Jefferson Scholars Program
The Jefferson Scholars Program is a new, interdisciplinary program in the great books for highly motivated freshmen and sophomores in every college and major of the University. Taught by stellar faculty, often in small classes, and including extensive opportunities for discussion and practice in writing, it offers a way to meet UT core requirements while engaging in a sustained inquiry into fundamental questions and debates that have driven human history. On completing the program, students will earn the Certificate in Core Texts and Ideas, which will be recognized on their transcript at graduation.
An Education for Liberty
You are young, talented, and the world lies before you. No one else can decide for you how you should use the unprecedented freedom we enjoy in America. Reflect on what freedom is, when and why it is good, and how you might best take advantage of it.
An Education for Leaders in Every Field
Learn what great leadership is all about. Learn to ask the questions no one else is asking, but should be. Explore the deepest needs and passions that motivate people. Reflect upon where we should be going as a people, and what it might take to get us there.
An Education for Life
Have great conversations. Make friends with fascinating people. Think about what you really believe in, and what you really want to accomplish in this one life you have to live.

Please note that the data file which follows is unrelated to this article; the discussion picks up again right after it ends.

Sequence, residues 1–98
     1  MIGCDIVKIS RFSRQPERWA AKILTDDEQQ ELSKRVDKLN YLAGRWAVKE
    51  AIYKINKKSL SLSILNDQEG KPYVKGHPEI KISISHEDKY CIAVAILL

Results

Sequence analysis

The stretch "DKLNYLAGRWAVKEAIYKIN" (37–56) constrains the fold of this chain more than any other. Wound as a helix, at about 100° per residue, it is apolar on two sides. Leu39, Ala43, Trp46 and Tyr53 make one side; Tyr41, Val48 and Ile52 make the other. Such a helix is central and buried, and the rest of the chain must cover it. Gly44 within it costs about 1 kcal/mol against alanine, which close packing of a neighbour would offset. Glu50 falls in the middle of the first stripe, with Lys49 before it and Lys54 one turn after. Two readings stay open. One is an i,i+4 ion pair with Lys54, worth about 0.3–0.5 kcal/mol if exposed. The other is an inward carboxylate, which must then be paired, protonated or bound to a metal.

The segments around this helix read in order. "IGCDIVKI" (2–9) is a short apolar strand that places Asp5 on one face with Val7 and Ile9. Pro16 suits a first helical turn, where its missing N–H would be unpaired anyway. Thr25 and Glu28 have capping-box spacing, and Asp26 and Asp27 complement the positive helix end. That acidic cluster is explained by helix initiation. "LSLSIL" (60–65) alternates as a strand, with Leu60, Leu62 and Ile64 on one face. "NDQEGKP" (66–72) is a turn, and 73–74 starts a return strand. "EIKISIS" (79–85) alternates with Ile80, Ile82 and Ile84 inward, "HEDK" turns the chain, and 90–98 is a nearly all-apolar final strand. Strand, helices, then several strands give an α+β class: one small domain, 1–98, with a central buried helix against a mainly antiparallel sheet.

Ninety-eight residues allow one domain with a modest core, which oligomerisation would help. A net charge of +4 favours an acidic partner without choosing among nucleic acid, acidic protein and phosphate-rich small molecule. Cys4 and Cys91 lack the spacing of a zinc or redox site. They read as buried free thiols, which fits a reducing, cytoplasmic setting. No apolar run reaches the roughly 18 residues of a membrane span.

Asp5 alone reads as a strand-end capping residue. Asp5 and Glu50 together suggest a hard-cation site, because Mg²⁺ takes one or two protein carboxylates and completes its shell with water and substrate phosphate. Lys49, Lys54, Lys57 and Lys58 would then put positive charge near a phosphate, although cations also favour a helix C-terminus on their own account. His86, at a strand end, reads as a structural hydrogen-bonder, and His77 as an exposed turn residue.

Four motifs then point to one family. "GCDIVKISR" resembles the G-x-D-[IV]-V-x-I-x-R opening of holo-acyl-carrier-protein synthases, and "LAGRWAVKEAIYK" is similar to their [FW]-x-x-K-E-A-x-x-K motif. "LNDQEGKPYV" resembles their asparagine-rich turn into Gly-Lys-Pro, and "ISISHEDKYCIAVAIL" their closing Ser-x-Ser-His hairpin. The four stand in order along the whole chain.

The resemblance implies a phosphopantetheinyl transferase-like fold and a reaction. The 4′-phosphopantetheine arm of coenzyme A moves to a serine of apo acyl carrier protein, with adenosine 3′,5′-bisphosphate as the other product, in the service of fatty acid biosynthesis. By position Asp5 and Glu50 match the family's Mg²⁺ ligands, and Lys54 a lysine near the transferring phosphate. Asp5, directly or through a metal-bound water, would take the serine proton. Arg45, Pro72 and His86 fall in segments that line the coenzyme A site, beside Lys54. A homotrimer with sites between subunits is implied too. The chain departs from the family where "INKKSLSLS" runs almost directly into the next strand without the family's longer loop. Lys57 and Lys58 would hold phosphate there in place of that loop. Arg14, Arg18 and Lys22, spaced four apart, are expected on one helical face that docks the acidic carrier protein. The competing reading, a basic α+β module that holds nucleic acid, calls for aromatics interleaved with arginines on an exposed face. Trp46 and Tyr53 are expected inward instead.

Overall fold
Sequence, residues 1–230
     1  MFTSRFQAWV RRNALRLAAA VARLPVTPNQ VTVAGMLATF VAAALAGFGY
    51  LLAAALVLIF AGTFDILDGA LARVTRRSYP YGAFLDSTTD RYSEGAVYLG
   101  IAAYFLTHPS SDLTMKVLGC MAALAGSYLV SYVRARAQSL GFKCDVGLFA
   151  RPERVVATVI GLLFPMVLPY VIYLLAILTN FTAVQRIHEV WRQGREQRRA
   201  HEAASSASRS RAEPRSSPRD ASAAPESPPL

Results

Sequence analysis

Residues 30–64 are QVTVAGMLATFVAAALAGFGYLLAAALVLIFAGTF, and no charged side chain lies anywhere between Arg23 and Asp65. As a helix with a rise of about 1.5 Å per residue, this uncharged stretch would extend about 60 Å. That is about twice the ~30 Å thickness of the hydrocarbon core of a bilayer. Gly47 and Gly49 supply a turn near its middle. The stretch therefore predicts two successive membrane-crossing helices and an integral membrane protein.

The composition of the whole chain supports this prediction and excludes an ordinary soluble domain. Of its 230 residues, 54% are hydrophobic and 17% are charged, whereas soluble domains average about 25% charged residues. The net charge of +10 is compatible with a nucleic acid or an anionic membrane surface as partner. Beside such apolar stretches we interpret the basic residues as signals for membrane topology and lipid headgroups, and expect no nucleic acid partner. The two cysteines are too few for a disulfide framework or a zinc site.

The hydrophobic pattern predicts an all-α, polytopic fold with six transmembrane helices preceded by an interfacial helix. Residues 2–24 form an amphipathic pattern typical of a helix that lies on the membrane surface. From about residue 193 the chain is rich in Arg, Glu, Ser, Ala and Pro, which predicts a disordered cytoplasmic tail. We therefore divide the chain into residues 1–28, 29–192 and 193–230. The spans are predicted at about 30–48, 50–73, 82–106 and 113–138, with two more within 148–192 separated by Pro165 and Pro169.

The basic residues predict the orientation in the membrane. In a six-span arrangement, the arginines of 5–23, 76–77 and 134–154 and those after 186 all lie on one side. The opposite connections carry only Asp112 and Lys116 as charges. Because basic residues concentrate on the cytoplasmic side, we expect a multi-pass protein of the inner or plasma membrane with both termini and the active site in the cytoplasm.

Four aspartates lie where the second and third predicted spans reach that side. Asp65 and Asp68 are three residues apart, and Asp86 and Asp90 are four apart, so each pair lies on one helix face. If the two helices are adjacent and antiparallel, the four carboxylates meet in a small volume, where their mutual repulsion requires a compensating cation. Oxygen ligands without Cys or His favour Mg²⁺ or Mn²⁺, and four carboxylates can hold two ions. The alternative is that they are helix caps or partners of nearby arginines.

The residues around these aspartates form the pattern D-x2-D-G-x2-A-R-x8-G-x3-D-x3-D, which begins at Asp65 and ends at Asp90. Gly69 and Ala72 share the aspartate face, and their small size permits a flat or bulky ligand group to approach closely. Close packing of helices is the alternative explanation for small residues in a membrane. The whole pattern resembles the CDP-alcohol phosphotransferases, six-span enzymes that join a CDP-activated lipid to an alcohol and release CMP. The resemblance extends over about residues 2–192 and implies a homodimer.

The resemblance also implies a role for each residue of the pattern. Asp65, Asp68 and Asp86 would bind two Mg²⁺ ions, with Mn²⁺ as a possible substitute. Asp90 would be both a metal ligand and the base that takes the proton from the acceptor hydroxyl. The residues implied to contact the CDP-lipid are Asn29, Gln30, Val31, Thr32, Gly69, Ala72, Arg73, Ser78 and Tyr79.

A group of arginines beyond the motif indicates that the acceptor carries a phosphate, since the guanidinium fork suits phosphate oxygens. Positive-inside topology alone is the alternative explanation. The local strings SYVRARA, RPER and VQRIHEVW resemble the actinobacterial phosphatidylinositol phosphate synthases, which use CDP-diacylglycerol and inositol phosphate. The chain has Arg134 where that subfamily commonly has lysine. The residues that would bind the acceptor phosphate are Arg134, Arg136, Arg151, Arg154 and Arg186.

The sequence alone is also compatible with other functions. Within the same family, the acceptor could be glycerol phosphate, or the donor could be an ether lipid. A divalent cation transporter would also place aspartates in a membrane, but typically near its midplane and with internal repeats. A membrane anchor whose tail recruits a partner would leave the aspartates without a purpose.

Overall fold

First semester: Justice, Human and Divine
CTI 304 The Bible and Its Interpreters (David Newheiser) carries UT Writing Flag
CTI 303 Classics of Political and Social Thought (Erik Dempsey) satisfies UT Social Science requirement
Together these two courses will examine some of history’s most profound reflections on good and evil, on human nature and the character of human excellence, on whether there is a God and what can be known about him, and on the principles that should guide our collective lives as political communities.
Second semester: Freedom, Ancient and Modern
UGS 303 Discovery of Freedom (Paul Woodruff) satisfies UT Signature Course requirement
HIS 317L Era of the American Revolution (Robert Olwell) partially satisfies UT American History requirement
These two courses will explore the meaning of freedom and the promises and challenges of self-government as they were first explored in the free city-states and the philosophical debates of ancient Greece, and as they were taken up in a new spirit by the people who made the American Revolution.
Third semester: Leaders and Leadership
GOV 312P America’s Constitutional Principles (Government department faculty) partially satisfies UT United States Government requirement
CTI 350 Masterworks of World Drama (Elon Lang) satisfies UT Visual and Performing Arts requirement
The third semester includes an intensive study of the US Constitution, the statesmen who formed it, and the vision of justice and liberty that it embodies, with selective study of the way these principles have played out in the nation’s history under leaders who have worked to realize the vision of the founding. Paired with this course will be a course studying major works of drama from antiquity to the present, with a focus on the theme of just and effective leadership.
A RICH INTELLECTUAL COMMUNITY
The Jefferson Center is a community of scholars and students who share a love of great books and thoughtful conversation. Jefferson Scholars will get to know professors over lunch and fellow students at coffee hours, informal book discussions, and organized outings to plays, classical music concerts, jazz clubs, and museums. A small stipend allows the scholars to begin building their own libraries of great books and to buy tickets to attend cultural events together. Both inside and outside of class, the scholars can thus enjoy the benefits of a small liberal arts college within a large university setting.